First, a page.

Just what skin colour were Europeans before the SLC24A5 mutation?

I keep seeing the SLC24A5 mutation referred to as ‘the mutation that turned Europeans from black to white’ on various sites, which is incorrect. It only accounts for about one third of the difference between European and Africans, in essence changing Europeans from Asian tan to pasty pink. To understand the range of skin colour range you get across the world, I’m digging out the old Von Luschan scale as a visual aid. These were originally made of opaque glass which was held up to the underarm skin to compare the colour. It wasn’t an exact measurement, but it did give a reasonable guide to the skin tone of the population.

Europeans are typically lighter than 15, and lighter than 12 in Northern Europe. Africans, with absolutely no non-African admixture can be as light as 20, or as dark as the scale gets at 36.

The San are about as light as Africans get without some Eurasian ancestry (seen above), and that’s slightly darker than North East Africans, Arabs and Pakistanis (see skin colour map). The ‘pale skin’ mutation only makes a difference of about six on the Von Luschan scale; one third of the difference between African and European, the specific difference between Asians and Europeans. 

The mutation has made virtually no difference to the average skin tone of any population except Northern Europe, although it will have increased the range a of skin colours a little in places like North Africa and South West Asia. As you can see from the map, native North Americans who are completely lacking in the SLC24A5 mutation for pale skin had a skin tone in the same latitudes as Europe of 15 to 17, the same as Southern Spain and Turkey.

vl-1-to-21

Just to see what these skin tones look like in real life, a representative of Northern Europe, Southern Europe and lower Egypt. The mutation to the SLC24A5 gene would make roughly the difference in skin tone between the very pale lady and the tanned Spanish lady in the middle, with the lady on the end probably being as dark as Southern Europeans ever got. It’s frequency is effectively zero in East Asia and was zero in native Americans prior any mixing with Europeans. Some examples of definitely non-mutated SLC24A5 carrying people below.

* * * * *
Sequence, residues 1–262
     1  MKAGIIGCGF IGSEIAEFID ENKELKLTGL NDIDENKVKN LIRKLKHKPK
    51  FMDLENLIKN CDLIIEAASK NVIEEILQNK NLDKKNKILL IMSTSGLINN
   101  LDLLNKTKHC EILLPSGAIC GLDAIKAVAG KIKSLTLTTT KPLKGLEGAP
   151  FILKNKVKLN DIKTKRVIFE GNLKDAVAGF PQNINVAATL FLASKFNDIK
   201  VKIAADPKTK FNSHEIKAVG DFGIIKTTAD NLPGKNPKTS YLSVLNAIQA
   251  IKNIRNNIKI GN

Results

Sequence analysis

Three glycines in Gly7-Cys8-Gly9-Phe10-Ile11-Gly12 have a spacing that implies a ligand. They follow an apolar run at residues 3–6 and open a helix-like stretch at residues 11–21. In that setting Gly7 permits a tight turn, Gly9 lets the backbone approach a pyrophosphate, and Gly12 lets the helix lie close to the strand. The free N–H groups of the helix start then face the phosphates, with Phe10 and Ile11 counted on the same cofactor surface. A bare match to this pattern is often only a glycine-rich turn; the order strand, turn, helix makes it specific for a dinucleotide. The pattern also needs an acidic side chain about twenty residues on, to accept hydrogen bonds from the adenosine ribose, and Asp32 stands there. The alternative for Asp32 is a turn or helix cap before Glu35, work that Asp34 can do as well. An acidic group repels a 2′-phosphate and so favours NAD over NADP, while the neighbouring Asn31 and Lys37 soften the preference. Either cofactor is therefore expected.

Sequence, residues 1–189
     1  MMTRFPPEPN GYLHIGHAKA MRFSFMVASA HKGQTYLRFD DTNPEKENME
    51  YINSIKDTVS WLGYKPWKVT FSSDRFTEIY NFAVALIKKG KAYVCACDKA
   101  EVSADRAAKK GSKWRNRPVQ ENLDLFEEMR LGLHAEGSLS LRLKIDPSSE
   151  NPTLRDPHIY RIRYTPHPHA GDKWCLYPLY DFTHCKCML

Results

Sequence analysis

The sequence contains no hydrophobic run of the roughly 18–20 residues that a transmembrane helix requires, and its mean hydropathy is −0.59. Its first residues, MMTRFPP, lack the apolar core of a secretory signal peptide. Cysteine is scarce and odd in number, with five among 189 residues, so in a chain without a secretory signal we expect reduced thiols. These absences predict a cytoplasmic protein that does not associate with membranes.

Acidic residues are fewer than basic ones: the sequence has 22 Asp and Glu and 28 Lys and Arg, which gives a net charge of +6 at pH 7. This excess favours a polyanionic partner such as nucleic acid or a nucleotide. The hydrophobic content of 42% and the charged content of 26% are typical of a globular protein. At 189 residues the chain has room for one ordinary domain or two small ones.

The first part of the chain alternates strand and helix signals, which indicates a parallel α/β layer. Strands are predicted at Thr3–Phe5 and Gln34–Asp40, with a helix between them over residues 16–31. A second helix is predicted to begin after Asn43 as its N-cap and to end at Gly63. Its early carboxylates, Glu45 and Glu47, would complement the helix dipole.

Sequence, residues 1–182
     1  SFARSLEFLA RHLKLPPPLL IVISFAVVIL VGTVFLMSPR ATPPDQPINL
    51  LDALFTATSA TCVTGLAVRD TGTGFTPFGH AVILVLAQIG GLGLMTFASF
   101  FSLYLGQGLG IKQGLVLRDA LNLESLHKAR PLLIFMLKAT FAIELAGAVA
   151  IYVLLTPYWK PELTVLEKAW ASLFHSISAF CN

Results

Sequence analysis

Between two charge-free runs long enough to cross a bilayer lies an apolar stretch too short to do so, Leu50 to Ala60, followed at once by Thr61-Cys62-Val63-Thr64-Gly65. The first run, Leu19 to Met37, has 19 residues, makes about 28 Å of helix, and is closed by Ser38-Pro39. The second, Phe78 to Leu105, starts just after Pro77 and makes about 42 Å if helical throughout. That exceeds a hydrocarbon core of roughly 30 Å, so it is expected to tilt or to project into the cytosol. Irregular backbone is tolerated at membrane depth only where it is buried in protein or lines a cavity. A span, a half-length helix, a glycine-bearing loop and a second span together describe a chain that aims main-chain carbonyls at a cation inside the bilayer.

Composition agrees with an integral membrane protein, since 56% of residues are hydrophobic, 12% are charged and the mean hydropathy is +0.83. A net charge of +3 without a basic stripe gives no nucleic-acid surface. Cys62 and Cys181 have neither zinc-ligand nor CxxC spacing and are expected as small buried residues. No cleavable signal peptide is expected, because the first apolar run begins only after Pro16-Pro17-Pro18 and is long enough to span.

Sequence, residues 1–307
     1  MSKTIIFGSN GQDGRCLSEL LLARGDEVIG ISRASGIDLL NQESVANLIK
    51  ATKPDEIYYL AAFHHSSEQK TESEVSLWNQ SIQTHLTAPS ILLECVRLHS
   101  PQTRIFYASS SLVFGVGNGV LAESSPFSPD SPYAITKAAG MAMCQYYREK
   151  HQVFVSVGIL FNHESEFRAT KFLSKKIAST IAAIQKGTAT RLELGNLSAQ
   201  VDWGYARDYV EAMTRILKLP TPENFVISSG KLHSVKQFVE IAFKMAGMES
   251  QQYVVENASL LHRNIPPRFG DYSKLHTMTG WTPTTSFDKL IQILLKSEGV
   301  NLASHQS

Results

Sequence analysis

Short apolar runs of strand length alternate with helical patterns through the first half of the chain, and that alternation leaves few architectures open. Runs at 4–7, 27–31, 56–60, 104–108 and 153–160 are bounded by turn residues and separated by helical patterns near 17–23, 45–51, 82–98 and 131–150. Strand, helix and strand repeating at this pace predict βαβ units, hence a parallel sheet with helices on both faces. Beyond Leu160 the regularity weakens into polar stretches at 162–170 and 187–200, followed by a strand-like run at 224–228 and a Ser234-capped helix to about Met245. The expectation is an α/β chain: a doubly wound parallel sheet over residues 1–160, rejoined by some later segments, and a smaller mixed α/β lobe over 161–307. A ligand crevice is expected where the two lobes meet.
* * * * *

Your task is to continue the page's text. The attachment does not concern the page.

ett

Notably not black skinned, and lacking ‘light’ SLC24A5.

And as was kindly brought to my attention by one blog reader, a painting showing the Guanches – native north Africans who were isolated on the Canary islands from about 3,000 years ago and were probably lacking in the ‘light-skin’ gene. The Guanches are were described as tall, tanned and often blond – quite notably not as black. As you can see from this contemporary painting they are shown exactly the same as the Spaniards in skin tone (the Guanche is the  lowest figure.) They show what native north Africans looked like without any admixture from any other source dating back to the BC era. This means minus Roman, European and sub Saharan ancestry

 

25 responses to “Just what skin colour were Europeans before the SLC24A5 mutation?

  1. In East Asia that Tibetan woman you show is considered “dark”, if you want to reflect the full range, as you did with the Caucasian samples.

    This Japanese woman is considered “white” or “light” in East Asia:

    • Dead image link.. but I take your point. I was avoiding North east Asians as I think they have a seperate mutation for light skin and I wanted to show a more baseline colour for Asia.

  2. European populations are astonishingly depigmented relative to other ethnic groups even relative to Asians who have existed at similar latitudes approximately for the same amount of time.

    So I think its obvious that Europeans must have inherited this level of pigmentation from ancestors who were in Europe a lot longer than 4o or 5o thousand years. Europeans must have inherited these levels of pigmentation from the Neandertals.

  3. Useful information given in an easy to follow way, thanks.

  4. Mathilda,

    The only Caucasian population I can think of that mightn’t have been part of the selective sweep of SLC24A5 would be the Guanches of the Canary Islands, off the coast of Morocco.

    http://en.wikipedia.org/wiki/Guanches

    Here’s a painting of how they looked:

  5. Marcel:

    “European populations are astonishingly depigmented relative to other ethnic groups even relative to Asians who have existed at similar latitudes approximately for the same amount of time.”

    That is not correct.

    Most of East Asia is not at similar latitudes to most of Europe.